The Big Indie Pitch is a regular event run by the makers of Pocket Gamer and PC Games Insider. It sees indie developers engage in a speed-dating-styled pitching competition for fame and those sweet, sweet promotional packages.
The event gives indies five minutes to pitch their games to a panel of press, publishers and industry pundits. The judges then pick three winners and everybody gets valuable feedback.
The indie view
The Big Indie Pitch is getting bigger and bigger as we bring it to events all across the world. To give you an idea of what the event is like, who attends the events and the games on show, we've sat down with a number of past Big Indie Pitch contestants to offer their views.
Today, we're speaking to Elin Holst from Unarmed Visitors, who submitted Where You Folks Die Of Cold to The Digital Big Indie Pitch (PC+Console Edition) #11 sponsored by our season sponsors Kwalee, and walked away as the runner-up.
Sophia Aubrey Drake: Tell us a little about yourself and your indie studio - who is on the team, and what are their inspirations?
Elin Holst: The studio is made up of Elin Holst, our artist with a background in comics and a love for character design, and Joseph Cherry, our sound designer and unity dev who loves all things narrative and always appreciates a good story.
Weirdly we met flippin’ burgers in Malmö central station and it didn’t take long for Joseph to find out that Elin had the same taste in games and stuff. After some bothering Elin eventually agreed to work on a demo and we’re very blessed to have great support and funding for art projects here in southern Sweden.
Tell us about Where You Folks Die Of Cold that you pitched at the competition.
Where you folks die of cold is what you’d get if you took a Rubix cube, a snow globe and a music box smashed it all together and told a story with it. Essentially it's a murder mystery in a snow globe.
What do you think are the most unique and interesting aspects of Where You Folks Die Of Cold that gamers may never have seen before.
The puzzle-solving mechanic is quite unique. In a way, you're turning clues over in your head while literally turning the snowglobe parts.
Where You Folks Die Of Cold is a narrative-driven puzzle adventure set within little snow globes, which the judges thought was so incredibly unique. What made you choose to make this kind of game though, and what do you think this game does that players may not have seen before?
We choose this kind of game partly because we love a good story but also the necessity of our particular skill set. We wanted to make something where the art and audio could really sing. I think this combo of casual puzzler and detective games is very effective at bringing players into a world and letting them explore.
How did you come to choose the platforms that you would develop Where You Folks Die Of Cold for?
While we hope to be able to port our game to mobile or other platforms like Nintendo switch in the future we decided to start out with PC so we don’t have to worry about screen sizes and specific console requirements. (Though many people seem to think this would feel good on mobile).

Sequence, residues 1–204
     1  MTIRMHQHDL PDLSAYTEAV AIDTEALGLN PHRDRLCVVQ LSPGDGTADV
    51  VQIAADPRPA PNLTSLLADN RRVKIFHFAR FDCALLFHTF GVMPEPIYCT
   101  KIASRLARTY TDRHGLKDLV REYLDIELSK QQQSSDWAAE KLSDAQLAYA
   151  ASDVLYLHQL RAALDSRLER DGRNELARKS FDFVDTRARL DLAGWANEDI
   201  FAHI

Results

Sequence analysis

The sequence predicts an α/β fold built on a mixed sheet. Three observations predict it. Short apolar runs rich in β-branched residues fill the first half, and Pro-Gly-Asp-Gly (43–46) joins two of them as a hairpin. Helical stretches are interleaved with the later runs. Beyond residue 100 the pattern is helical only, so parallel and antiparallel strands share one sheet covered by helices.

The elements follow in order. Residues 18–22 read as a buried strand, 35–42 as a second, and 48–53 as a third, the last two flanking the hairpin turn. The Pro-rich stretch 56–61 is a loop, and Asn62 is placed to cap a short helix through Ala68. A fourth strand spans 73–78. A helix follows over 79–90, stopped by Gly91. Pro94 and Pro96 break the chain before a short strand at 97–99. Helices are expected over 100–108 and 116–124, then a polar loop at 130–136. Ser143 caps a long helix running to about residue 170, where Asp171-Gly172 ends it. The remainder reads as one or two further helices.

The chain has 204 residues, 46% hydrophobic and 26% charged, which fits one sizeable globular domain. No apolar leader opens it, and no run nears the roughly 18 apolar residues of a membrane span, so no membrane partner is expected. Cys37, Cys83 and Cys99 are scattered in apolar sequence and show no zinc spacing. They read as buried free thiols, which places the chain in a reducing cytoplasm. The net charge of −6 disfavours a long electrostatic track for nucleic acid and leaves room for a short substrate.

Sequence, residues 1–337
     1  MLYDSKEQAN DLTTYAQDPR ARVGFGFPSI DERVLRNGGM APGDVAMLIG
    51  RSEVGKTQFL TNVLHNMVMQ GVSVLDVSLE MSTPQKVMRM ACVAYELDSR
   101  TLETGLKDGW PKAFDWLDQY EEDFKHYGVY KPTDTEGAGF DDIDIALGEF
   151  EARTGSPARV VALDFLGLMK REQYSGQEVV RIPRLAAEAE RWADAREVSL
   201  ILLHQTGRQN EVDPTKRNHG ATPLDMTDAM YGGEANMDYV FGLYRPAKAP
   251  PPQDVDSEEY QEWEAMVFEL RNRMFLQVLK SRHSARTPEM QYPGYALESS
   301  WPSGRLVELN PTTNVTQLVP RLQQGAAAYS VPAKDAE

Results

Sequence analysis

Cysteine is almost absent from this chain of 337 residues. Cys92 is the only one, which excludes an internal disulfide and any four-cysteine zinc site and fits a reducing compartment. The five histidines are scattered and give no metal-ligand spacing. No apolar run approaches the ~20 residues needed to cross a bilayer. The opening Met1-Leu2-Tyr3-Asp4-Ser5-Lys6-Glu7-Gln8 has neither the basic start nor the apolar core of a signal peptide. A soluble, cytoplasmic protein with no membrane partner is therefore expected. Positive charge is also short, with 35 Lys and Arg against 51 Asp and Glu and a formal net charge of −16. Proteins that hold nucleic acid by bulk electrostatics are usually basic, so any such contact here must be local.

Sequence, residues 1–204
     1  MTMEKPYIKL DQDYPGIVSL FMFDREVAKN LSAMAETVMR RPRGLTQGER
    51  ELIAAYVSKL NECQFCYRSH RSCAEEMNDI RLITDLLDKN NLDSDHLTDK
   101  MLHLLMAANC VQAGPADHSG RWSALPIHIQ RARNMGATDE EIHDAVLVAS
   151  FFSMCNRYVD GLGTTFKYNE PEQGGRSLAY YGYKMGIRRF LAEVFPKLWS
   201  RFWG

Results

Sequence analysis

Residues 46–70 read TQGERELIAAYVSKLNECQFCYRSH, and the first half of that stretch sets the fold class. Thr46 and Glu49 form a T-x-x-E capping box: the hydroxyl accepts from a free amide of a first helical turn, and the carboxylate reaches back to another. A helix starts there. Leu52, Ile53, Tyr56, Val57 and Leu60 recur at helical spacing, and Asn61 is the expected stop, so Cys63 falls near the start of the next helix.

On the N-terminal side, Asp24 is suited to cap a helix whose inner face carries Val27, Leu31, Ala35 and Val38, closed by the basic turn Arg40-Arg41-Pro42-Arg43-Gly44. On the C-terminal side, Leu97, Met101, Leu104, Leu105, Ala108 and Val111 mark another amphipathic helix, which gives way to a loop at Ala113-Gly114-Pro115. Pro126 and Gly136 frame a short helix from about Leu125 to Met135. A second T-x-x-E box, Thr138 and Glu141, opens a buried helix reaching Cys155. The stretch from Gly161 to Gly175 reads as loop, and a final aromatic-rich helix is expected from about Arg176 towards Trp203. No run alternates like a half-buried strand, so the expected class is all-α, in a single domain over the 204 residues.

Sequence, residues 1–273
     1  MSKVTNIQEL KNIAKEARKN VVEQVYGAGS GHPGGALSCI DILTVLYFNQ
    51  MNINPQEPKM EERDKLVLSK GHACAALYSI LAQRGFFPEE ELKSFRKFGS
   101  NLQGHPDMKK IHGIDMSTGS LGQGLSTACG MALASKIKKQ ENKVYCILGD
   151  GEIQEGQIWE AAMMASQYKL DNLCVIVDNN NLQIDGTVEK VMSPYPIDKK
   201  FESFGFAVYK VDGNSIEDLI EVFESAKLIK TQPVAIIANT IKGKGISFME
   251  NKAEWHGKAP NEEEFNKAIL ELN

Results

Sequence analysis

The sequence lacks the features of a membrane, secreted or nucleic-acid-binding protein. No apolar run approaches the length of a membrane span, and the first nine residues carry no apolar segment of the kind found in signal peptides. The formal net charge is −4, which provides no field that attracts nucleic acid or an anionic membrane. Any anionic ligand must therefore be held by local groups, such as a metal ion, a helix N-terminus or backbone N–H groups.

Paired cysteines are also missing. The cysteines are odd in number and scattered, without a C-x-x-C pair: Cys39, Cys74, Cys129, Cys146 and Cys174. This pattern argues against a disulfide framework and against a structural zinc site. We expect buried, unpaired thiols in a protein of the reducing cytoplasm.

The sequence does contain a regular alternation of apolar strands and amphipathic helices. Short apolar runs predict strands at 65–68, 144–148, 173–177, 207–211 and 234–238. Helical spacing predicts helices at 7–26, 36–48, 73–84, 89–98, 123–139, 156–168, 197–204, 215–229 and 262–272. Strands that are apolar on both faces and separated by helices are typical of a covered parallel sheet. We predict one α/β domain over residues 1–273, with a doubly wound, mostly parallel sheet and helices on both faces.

Looking at the studio a little more now. How hard is it to survive as an Indie developer? Are there any tips and advice you would give to an independent developer out there who are just starting out?
We would love to have the answer to this ourselves actually. But some of the things we’ve learned so far are:
- Go out and meet people right away. Even if you have nothing to show right now.
- Find yourself an (as they say in Swedish) ‘bollplank’. Someone who gets you that you can try ideas out on. Don’t make games in a vacuum.
- Thirdly we would like to stress how very lucky we have been for getting so much support, and that you should reach out to whatever resources or mentors you can find.
How did you find your experience pitching as a part of the Big Indie Pitch?
I, Elin, who did the event had a really good time with it. It was something we had been encouraged to do by one of our mentors who had done the same before. I thought it’d be good practice for future pitches and a fun experience getting to meet new people. We were definitely both shocked and humbled when we got second place.
What do you feel you have gained from the experience, and what do you still hope to gain?
We are learning things every step of the way. There really is nothing that teaches you how to make a video game, like making a video game. From pitching, we have learned a lot about what makes others excited about the game and that keeps us excited.
What are your hopes for this game in the future, and do you have any plans for any future projects?
I mean ideally, we finish it, it speaks to people and it will allow us to make more things. Joseph is already plotting a multiplayer field recording game.
Want to show off your exciting new game? We host Big Indie Pitch events throughout the year, so be sure to keep an eye out on our events page for an event near you, or even our new Digital pitches.